Bolton said that the resolution would help bring peace and stability to Liberia as its president, Ellen Johnson Sirleaf, tries to rebuild the country after years of war and civil strife under Charles Taylor. Johnson Sirleaf requested the embargo be lifted.
"It may seem counterintuitive to start with this, but this was what the president herself thought was important," Bolton said about the resolution, which was expected to be introduced later Tuesday.
Bolton called the move "quite logical when you consider the importance of making sure the government is able to be sovereign throughout its entire territory and to provide law and order and conditions of stability for the people, which they sorely need."
Lifting the embargo is also necessary for the U.S.-funded effort to rebuild the Liberian military, said Princeton Lyman, director of Africa Policy Studies for the Council on Foreign Relations.
Liberia's army disintegrated as Taylor fled into exile in August 2003, but dangerous militia factions still exist in the region, Lyman said. Those factions are currently monitored by 15,000 U.N. peacekeepers.
"We have to make sure we don't start demobilizing too fast," Lyman said, referring to the peacekeepers.
He said one fear is that a lift of the arms embargo could draw the attention of neighboring countries.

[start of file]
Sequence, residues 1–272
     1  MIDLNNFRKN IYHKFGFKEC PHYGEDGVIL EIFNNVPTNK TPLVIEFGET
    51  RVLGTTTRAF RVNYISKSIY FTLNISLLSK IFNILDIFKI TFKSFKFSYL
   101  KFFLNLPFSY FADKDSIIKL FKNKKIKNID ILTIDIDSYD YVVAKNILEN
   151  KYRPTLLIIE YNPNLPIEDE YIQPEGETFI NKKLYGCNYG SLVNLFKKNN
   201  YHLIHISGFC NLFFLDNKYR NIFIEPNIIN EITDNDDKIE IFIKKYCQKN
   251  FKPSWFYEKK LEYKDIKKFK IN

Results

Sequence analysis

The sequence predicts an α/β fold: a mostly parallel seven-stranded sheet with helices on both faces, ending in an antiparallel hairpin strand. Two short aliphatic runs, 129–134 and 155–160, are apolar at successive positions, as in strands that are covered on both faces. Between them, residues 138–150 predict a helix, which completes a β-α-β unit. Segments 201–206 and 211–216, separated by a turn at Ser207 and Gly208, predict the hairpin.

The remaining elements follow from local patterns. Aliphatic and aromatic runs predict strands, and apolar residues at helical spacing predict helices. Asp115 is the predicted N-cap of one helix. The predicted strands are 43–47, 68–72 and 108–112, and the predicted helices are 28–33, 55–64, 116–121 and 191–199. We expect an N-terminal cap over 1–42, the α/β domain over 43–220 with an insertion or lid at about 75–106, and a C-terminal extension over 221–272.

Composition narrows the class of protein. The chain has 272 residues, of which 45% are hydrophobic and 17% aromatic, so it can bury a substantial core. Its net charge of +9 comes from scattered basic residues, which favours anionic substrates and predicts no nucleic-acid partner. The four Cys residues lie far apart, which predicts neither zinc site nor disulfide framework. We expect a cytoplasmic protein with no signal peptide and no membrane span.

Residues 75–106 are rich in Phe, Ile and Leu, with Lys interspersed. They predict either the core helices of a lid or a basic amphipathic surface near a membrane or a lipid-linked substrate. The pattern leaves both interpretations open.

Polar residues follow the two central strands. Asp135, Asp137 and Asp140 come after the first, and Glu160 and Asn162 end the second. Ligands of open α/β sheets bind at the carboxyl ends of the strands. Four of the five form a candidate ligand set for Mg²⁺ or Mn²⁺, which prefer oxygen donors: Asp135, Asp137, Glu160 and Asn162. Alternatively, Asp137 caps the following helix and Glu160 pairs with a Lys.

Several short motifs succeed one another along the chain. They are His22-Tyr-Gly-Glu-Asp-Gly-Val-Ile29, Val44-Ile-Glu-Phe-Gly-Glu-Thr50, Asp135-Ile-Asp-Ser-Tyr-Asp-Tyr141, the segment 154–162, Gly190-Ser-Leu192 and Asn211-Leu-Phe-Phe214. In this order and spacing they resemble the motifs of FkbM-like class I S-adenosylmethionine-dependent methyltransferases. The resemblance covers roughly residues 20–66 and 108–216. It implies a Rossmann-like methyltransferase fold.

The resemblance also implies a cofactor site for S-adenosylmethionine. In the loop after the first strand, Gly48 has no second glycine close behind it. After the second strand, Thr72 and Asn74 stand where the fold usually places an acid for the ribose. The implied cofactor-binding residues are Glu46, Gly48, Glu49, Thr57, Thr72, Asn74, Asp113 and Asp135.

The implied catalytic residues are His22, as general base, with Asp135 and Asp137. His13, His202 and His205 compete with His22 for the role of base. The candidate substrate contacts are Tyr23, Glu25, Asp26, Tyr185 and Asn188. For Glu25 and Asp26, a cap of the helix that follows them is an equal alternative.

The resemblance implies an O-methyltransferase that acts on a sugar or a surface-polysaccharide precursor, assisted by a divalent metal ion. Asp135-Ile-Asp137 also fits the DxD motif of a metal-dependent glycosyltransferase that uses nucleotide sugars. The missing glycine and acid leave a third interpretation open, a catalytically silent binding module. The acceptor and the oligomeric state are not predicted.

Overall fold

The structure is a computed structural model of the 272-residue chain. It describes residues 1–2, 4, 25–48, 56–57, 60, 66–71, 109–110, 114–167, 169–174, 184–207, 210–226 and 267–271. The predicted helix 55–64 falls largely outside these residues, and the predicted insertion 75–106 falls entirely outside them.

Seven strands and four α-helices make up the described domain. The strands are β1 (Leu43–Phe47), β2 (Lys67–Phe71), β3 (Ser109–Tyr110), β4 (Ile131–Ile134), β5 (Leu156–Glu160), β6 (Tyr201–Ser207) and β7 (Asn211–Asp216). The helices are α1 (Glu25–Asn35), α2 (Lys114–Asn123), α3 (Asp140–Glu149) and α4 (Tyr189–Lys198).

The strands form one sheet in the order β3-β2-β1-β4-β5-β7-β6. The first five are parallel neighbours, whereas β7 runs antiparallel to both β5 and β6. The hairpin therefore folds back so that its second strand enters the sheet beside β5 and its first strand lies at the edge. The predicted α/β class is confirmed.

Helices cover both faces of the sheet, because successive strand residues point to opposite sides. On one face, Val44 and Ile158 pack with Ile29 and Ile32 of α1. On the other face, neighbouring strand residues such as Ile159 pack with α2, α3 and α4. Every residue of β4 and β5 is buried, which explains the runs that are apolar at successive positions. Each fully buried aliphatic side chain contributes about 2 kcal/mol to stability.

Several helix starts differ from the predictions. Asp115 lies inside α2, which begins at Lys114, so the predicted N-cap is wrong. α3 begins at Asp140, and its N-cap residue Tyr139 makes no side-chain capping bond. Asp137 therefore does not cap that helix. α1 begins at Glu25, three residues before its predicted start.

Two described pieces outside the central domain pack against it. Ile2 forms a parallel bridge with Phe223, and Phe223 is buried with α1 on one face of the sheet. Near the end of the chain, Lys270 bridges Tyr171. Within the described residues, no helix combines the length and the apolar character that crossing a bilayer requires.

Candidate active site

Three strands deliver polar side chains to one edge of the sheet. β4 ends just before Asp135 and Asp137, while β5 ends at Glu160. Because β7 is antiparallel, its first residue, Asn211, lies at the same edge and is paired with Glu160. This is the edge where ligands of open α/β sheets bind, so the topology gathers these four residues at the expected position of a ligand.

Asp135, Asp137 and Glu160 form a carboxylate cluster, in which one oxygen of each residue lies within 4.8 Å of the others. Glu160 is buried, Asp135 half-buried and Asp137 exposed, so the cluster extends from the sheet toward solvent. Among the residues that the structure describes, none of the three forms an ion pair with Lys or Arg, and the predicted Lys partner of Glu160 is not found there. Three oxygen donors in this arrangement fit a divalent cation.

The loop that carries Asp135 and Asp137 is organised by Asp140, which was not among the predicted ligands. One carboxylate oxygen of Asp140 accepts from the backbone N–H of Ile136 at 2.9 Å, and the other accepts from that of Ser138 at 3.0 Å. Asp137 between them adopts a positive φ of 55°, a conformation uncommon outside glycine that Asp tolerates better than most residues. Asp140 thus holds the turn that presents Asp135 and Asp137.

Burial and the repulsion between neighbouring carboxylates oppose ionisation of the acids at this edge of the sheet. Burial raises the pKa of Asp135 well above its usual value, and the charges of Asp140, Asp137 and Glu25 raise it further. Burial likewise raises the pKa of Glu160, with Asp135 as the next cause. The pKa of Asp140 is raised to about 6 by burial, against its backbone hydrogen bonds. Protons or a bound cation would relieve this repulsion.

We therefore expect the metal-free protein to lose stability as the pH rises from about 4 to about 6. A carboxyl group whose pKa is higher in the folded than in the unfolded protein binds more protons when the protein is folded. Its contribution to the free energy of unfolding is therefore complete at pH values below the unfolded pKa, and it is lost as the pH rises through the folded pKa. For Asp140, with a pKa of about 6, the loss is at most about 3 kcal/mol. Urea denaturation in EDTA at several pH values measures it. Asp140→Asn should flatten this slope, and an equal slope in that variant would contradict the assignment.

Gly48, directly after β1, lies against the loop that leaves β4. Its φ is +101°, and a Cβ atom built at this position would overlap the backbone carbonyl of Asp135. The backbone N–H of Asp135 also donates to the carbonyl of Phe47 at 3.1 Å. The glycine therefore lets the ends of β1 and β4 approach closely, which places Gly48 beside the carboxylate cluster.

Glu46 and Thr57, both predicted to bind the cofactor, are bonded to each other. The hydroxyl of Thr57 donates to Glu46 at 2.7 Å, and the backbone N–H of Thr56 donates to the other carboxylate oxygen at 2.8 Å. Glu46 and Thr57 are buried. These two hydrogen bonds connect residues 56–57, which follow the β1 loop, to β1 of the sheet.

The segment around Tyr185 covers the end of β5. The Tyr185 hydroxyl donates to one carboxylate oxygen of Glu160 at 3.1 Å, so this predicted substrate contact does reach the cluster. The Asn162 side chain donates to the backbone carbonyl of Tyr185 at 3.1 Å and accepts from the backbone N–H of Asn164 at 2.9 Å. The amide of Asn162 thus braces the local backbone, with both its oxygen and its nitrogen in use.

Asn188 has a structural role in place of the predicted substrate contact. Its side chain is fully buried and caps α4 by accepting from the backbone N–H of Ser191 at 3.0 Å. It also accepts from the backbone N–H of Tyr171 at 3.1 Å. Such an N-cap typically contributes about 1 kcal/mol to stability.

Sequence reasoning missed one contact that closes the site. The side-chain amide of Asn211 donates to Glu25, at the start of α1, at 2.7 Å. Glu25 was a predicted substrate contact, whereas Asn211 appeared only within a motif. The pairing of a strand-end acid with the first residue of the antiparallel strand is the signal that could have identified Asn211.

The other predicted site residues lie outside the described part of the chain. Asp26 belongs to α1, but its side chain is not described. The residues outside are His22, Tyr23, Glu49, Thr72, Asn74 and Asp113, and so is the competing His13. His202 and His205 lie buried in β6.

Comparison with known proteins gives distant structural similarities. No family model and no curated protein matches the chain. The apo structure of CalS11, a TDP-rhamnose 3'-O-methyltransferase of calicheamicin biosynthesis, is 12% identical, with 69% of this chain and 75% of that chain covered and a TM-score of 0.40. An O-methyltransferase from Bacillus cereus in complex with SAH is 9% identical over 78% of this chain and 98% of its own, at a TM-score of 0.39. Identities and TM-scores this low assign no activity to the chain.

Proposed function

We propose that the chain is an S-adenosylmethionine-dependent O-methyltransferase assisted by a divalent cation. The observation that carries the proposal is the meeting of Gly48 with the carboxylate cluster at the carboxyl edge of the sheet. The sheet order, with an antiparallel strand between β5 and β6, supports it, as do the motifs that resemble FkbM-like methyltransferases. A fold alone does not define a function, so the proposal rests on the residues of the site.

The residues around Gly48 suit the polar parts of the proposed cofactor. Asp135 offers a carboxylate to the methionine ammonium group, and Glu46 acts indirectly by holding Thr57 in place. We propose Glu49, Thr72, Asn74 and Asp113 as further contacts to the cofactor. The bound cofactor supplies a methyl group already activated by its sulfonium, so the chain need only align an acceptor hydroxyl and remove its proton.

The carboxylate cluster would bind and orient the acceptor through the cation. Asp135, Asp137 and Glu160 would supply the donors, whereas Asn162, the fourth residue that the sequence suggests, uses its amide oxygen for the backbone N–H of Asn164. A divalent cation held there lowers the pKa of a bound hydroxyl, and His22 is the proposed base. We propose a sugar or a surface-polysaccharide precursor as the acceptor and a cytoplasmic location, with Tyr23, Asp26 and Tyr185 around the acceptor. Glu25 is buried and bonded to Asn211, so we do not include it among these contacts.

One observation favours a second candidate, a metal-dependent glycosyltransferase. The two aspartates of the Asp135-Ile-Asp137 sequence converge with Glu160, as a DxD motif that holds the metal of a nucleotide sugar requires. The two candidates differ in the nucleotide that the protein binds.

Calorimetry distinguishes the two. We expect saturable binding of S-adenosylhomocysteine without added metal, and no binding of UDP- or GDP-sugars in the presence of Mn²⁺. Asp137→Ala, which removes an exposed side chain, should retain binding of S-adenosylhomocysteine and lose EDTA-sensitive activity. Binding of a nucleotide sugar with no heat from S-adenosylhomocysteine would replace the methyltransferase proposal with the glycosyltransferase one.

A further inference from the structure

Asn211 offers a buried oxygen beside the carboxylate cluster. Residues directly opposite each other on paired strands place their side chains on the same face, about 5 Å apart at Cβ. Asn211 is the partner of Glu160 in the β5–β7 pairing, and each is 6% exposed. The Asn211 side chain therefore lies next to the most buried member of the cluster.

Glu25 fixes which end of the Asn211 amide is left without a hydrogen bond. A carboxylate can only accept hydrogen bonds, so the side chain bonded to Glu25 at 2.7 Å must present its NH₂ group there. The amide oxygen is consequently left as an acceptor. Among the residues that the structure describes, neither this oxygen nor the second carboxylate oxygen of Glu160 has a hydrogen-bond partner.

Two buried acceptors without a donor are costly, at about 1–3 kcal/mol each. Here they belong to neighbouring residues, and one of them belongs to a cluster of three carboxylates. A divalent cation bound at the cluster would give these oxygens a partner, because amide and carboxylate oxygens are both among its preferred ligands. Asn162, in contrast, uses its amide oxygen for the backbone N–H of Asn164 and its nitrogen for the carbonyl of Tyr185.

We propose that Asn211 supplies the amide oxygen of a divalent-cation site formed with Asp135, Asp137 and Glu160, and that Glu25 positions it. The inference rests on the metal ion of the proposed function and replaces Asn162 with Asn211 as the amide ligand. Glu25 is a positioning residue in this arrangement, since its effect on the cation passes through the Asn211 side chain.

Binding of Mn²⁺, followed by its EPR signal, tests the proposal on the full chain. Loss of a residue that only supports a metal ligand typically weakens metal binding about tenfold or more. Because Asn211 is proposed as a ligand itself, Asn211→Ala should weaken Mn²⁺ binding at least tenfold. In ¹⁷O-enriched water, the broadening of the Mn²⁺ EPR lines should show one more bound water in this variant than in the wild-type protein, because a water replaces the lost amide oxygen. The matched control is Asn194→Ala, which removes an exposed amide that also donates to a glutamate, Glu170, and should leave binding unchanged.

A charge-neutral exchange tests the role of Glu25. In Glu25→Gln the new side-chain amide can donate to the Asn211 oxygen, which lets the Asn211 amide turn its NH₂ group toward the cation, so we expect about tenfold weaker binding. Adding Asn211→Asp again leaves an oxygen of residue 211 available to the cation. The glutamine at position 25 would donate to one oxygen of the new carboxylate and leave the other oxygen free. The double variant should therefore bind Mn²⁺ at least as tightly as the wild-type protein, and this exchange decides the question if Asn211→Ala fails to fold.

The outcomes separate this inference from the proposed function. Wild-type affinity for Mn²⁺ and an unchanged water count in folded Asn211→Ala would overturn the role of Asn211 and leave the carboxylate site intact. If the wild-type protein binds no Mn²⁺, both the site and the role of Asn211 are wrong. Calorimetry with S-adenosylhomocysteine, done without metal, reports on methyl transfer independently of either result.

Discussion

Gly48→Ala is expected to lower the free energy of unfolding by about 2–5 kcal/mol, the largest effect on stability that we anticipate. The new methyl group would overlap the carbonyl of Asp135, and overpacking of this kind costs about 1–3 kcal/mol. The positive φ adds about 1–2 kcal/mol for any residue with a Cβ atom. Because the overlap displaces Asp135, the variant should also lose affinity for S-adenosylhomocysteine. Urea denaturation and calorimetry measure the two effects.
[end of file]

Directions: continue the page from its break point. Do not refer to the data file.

"There will be a little concern that the wrong people might take advantage of this," he said.
The Security Council imposed arms and diamond embargoes on Liberia in May 2001 — when Taylor ruled the country — to stop the flow of arms into the country and to keep the clashing groups from using diamond revenues to fuel the conflict.
Johnson Sirleaf has also asked that other sanctions, including those on diamonds and timber, be lifted.
Bolton said the Security Council would consider Johnson Sirleaf's request only after the country is stabilized "to make sure that the commodities go into legitimate commerce."
"As those conditions are returned, the level of foreign investment and development will be increasing," Bolton said.
The transitional government of Liberia handed over power to Johnson Sirleaf on Jan. 16. She is the first elected female head of an African nation.